You may recall when the AJ-C published a letter from a former UGA baseball player that was critical of Greg McGarity, my first reaction was to ignore it here at the blog. The only reasons I wound up commenting were because so many asked me about it and because the author was more than a little involved in Georgia athletics. Content-wise, though, I thought the letter was a nothing burger, full of advice that was a reflection of the sentiment you could find in your average message board comments thread.
I should have known that McGarity disagreed.
Oh, not because he can’t take the heat. It’s because he wants to highlight the manner in which the criticism was presented.
McGarity wasn’t necessarily upset at Minick’s opinion. But he was caught off guard when the letter he read online wasn’t the one he was asked to comment on originally.
“Everybody has a right to say what they want. It’s a free world,” McGarity said. “But I was disappointed that the letter in its original form was not reproduced. And I think what the author said is that there were edits made for context. Well, when you delete sentences in the middle of paragraphs, to me, that’s an intent to shape the story in a way that wasn’t consistent. I was very disappointed in that.”
Mind you, when Emerson originally posted the letter, he acknowledged it was edited. Mind you further, McGarity had access to the original letter, was given the opportunity to respond to the AJ-C article and chose not to do so at the time it was posted for all to read.
Most significantly, though, the edits don’t change the thrust of Minick’s criticisms in the slightest. Here’s what Butt outlined:
▪ In the published letter, Minick wrote: “I suggest Billy Payne, or someone else of his stature head a search committee to name a new athletic director. Look at Clemson and what their athletic department has done with great leadership and a plan for high success.” This sentence, located in between those two sentences, was deleted: “Derek Dooley and Chris Welton (1980 football) are both candidates who come to mind.”
Since playing on Georgia’s 1980 national championship team, Welton has enjoyed a successful business career. Dooley, the son of Georgia legendary head coach and athletics director Vince Dooley, coaches receivers for the Dallas Cowboys and was previously the head coach at Louisiana Tech (17-20 overall record) and Tennessee (15-21).
▪ The published letter listed eight complaints among lettermen. The letter McGarity initially received showed seven. No. 4 on the published letter, which stated, “The UGA Athletic Board has limited representation from former Georgia athletes,” was added after McGarity was offered a chance to respond.
▪ Minick referenced a rumor that McGarity “has already chosen his successor” and that he hoped it wasn’t true. This was deleted from the letter.
In short, more condiments for the nothing burger. But that’s not what McGarity’s on about with this. This is nothing but an attempt on his part to make a beat reporter look bad. Of course, this being Greg McGarity, what we’re treated to is his typical ham-handed effort.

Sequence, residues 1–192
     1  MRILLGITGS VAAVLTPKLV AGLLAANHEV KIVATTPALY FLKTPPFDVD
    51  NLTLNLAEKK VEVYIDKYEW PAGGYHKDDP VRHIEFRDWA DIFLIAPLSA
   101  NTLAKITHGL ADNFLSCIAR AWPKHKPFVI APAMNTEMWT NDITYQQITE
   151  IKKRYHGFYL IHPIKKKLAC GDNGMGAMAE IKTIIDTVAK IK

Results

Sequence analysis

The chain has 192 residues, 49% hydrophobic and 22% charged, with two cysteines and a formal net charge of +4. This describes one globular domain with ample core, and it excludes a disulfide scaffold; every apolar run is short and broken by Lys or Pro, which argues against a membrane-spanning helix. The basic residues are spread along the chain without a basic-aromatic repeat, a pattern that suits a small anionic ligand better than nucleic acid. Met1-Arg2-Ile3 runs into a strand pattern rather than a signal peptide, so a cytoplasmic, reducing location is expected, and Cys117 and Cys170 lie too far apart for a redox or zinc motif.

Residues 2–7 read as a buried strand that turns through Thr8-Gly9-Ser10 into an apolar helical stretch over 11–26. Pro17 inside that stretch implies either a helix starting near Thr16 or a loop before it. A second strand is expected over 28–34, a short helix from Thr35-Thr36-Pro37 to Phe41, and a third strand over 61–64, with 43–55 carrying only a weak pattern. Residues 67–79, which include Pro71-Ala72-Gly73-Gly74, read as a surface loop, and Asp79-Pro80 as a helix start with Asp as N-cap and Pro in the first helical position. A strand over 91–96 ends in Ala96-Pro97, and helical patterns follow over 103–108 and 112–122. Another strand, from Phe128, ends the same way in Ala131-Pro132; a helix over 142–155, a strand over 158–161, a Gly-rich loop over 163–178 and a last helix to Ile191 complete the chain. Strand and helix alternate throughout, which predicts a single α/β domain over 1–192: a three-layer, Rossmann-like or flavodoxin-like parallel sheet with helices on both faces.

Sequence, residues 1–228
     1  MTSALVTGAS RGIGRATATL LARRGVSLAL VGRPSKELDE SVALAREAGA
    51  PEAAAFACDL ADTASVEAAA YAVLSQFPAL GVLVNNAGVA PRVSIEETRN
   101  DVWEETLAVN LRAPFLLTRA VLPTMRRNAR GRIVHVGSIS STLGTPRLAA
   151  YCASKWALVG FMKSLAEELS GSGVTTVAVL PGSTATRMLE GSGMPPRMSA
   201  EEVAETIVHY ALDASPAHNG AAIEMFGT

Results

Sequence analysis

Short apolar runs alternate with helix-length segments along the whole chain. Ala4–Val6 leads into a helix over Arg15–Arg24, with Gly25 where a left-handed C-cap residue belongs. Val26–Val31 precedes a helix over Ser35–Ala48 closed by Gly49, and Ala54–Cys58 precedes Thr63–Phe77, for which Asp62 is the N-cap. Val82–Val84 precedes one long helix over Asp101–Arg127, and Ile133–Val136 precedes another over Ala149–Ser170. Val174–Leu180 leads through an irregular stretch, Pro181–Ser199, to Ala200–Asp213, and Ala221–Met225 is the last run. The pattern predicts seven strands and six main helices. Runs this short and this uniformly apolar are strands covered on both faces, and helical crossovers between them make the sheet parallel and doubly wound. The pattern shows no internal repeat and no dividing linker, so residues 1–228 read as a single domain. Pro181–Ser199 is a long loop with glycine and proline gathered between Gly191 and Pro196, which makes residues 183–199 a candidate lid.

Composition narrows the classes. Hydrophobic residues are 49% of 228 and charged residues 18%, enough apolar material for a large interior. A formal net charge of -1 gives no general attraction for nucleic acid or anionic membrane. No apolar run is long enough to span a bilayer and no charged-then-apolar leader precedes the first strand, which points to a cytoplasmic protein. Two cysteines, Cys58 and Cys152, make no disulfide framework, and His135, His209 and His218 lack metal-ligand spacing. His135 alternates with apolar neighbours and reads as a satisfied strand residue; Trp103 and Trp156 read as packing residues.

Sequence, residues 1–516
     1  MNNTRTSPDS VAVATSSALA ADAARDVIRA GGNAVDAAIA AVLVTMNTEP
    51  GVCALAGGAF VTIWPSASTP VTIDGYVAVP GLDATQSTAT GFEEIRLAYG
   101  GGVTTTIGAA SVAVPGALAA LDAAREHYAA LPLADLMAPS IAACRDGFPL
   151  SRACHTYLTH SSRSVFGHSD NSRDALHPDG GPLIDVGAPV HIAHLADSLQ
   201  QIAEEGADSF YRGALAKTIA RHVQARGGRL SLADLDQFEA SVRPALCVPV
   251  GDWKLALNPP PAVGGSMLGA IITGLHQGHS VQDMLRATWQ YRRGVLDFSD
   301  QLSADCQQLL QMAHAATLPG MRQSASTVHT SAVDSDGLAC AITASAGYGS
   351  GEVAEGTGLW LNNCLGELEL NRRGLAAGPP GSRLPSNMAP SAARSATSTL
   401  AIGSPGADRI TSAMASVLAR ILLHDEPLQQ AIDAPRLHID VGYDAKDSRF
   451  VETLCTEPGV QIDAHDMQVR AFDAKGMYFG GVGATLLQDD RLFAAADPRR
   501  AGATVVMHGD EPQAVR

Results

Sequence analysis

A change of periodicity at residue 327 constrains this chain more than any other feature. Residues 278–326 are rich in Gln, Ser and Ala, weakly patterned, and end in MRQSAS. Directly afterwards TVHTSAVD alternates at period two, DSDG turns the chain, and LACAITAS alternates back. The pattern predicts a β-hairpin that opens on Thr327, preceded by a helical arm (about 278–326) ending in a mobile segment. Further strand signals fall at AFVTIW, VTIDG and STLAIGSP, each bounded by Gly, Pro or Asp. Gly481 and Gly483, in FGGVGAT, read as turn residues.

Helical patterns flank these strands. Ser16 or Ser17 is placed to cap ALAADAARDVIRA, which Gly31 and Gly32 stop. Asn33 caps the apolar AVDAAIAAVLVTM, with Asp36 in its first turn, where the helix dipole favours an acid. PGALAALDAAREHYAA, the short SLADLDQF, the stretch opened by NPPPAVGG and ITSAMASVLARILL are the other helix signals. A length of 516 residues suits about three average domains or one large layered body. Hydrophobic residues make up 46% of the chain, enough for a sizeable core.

For some of you I’m sure it’s tempting to dismiss this (or maybe even cheer it on) either through the prism of media bashing or Richt bias. That would be a mistake, though. Here’s a man charged with running a major college athletic department, responsible for hundreds of jobs and millions of dollars, who apparently is stewing over a personal grudge that is largely the product of his own inept PR skills. McGarity is a man who chose to devote little effort to conducting a responsible search for a football head coach, but has the time to publish a personal blog to get his view out of what the story should be because he faults the media for not leading the fan base to love him more than it does.
These are not professional priorities for a man in his position.
The weirdest part of this is how personally this comes across for McGarity. He’s taken the lessons of his two predecessors to heart in that he hasn’t picked a fight with the power structure and hasn’t engaged in any personally embarrassing behavior. His immediate boss cares about the AD’s performance in the area of finances, where McGarity has delivered. The big boosters have gotten what they wanted in Kirby Smart. Hell, he’s even thoughtfully provided a hobby for Suzanne Yoculan.
In other words, there’s no reason for Greg McGarity to feel even the slightest bit of unease about his job security. He’s not going anywhere, even if Carroll Minick writes a letter a month for the next five years. (Not that Minick has any intention of doing that.) Yet here we are with an athletic director who’s decided it’s in his best interest to engage in a long-running pissing match with the media to sooth his feelings.
At a time when the approach of Kirby Smart’s second season should be sucking all the oxygen out of the reading room, another chapter of the Greg McGarity Story is not a good look for UGA.
As a Georgia alumnus — an alumnus of a university that takes due pride in its journalism school — I’m embarrassed. I get that nobody’s going to fire Greg McGarity, no matter how mediocre a job he does in the performance areas I care about, but can’t somebody direct him to remove his head from his ass? Or, better yet, to quit talking in public?